Sure, there was some “urgency” to get a presentation ready in time, collect data, and write up a chapter to send my supervisor.
But not the kind of urgency when something could not wait 15 minutes, or even a hour, so I could get my work done.
You don’t want to live the kind of life when your days consists of doing one “urgent” thing after another.
I’ve been there, and I can tell you it’s no fun.
If you’re reading this, I have a feeling you’ve been there too, and you don’t want to go back.
Urgent things will come up – either at work, or in your family – and you will know that they are urgent.
If you’re not sure that it’s urgent, it’s probably not, and it is a distraction from doing the work that is important.
Step #3: Treat yourself to something that makes you feel great
Did you ever have that experience when you felt really overwhelmed by something and or that life seemed really difficult, but you went to sleep or went out with friends and all of a sudden the situation did not seem so dire?
What this illustrates, is that it is our feelings about a situation, not the situation itself that causes overwhelm.
If you feel great in general, those feelings will carry over to the time you spend on your work.
Even if parts of the work are frustrating, you can handle the frustrations much better after a satisfying workout than a disappointing meeting with your supervisor.
Just like focusing on what you have already accomplished can seem uncomfortable first (see step #1 above), so can treating yourself to something that makes you feel great.
Overwhelm in graduate school doesn’t is a result of what you have to do, but a result of your feelings about what you have to do.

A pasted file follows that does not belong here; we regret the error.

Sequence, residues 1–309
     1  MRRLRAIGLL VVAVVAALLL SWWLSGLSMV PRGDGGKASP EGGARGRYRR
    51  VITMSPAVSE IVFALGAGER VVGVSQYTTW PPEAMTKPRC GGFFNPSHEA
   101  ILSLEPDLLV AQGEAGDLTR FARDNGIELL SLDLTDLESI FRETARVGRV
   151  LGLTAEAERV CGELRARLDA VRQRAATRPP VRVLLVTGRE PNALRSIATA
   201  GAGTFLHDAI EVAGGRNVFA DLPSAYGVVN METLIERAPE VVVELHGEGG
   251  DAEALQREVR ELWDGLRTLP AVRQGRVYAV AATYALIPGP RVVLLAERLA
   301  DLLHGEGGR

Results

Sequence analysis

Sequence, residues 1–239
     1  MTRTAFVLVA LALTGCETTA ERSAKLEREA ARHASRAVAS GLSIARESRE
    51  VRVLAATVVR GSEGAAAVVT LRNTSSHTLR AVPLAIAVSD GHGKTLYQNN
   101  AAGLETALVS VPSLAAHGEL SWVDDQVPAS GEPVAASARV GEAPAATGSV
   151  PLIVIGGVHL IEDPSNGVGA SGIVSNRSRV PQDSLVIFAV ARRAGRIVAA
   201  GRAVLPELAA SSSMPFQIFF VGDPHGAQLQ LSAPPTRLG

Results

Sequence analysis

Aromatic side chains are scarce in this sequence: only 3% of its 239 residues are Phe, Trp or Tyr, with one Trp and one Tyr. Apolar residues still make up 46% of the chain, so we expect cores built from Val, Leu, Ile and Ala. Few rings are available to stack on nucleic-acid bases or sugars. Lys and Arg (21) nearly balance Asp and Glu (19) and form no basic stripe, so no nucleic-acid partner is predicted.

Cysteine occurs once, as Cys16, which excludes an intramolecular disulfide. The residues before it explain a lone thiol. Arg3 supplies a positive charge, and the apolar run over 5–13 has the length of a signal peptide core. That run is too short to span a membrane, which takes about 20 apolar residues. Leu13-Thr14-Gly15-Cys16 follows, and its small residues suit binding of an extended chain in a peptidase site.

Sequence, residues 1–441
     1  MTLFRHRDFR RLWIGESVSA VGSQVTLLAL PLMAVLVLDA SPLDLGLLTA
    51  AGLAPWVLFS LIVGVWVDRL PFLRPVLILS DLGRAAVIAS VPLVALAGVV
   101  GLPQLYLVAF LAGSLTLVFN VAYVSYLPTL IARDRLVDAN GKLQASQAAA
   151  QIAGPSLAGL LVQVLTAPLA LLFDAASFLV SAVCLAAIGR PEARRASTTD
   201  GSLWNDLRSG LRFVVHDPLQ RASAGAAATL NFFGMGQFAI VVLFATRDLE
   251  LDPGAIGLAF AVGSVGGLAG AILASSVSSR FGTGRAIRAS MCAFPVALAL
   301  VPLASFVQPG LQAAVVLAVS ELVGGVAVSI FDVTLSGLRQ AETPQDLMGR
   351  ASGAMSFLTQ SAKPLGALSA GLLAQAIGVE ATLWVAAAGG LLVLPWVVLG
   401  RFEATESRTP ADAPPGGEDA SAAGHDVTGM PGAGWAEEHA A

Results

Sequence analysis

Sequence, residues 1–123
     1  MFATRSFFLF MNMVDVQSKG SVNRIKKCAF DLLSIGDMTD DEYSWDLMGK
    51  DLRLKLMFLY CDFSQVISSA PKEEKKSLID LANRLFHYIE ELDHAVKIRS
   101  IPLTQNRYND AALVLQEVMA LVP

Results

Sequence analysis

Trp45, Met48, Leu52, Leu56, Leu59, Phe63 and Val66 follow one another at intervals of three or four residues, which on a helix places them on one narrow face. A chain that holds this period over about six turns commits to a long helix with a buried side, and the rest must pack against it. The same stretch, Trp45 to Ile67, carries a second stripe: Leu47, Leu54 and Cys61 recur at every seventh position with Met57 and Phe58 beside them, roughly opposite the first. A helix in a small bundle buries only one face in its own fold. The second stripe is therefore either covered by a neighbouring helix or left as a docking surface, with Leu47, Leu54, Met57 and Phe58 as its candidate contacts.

It can be tough to treat yourself to something that makes you feel great if you…
- Don’t have enough money
- Don’t have time
- Are not in the mood to treat yourself to something
- Wonder whether you deserve to be treated to something
- Don’t know what would make you feel great (because you can’t remember the last time that you felt great)
Treating yourself to something that makes you feel good does not need to be expensive, time-consuming or complex.
How about a 5-15 minute walk?
A refreshing glass of your favorite beverage?
A healthy meal? (you need to eat anyway, right?)
I could list a lot more options ranging from going to an exercise class, to going out to dinner with friends, to a whole weekend off.
The point is not how much time you take off, or how much money you spend.
The point is how it makes you feel.
After weeks of fast-food and free pizza, one healthy meal can make you feel like you have just been reborn (and in some ways you have).
It is not enough, though, to treat yourself to something just once in a while.
You need to treat yourself to basic human needs like rest, nutrition, and a social life on a regular basis.
I know that many people (academics included), survive “just fine” without rest, nutrition or a social life.
But you don’t want to just survive.
And you don’t want to live a life where overwhelm is the norm.
Constant feeling overwhelm in graduate school does not have to be the norm.
You didn’t come to graduate school to just “survive”.
You came to graduate school to create a better life for yourself.
So, start today, to create a life for yourself where you feel good, and as a result you can provide for the people you love.
Give yourself that extra few minutes to eat a healthy meal, get an extra glass of water or just some fresh air.
And, if you want to go the extra mile, call someone who has been there for you and ask how they have been doing.
Giving someone else the gift of your time and taking off some of their “overwhelm”, will make you feel a lot lighter too.
What’s the #1 reason that you feel overwhelm in graduate school?
Please leave a comment below and Dora will respond to you directly.